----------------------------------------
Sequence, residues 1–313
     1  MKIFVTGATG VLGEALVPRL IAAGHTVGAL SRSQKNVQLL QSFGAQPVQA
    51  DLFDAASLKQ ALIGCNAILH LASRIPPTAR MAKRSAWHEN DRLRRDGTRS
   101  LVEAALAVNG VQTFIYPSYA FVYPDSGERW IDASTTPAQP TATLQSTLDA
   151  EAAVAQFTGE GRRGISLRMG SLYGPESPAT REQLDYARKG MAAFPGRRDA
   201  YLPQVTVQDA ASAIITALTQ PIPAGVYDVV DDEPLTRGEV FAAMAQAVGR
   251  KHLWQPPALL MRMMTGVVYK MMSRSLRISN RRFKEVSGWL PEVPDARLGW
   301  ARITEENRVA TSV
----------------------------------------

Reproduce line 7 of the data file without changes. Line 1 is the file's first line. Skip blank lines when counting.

   251  KHLWQPPALL MRMMTGVVYK MMSRSLRISN RRFKEVSGWL PEVPDARLGW